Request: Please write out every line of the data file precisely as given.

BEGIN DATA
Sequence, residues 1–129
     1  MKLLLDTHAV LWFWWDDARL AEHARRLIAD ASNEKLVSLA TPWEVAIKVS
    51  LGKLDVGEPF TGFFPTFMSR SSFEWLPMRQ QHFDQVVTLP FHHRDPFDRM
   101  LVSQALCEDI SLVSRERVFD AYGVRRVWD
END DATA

Sequence, residues 1–129
     1  MKLLLDTHAV LWFWWDDARL AEHARRLIAD ASNEKLVSLA TPWEVAIKVS
    51  LGKLDVGEPF TGFFPTFMSR SSFEWLPMRQ QHFDQVVTLP FHHRDPFDRM
   101  LVSQALCEDI SLVSRERVFD AYGVRRVWD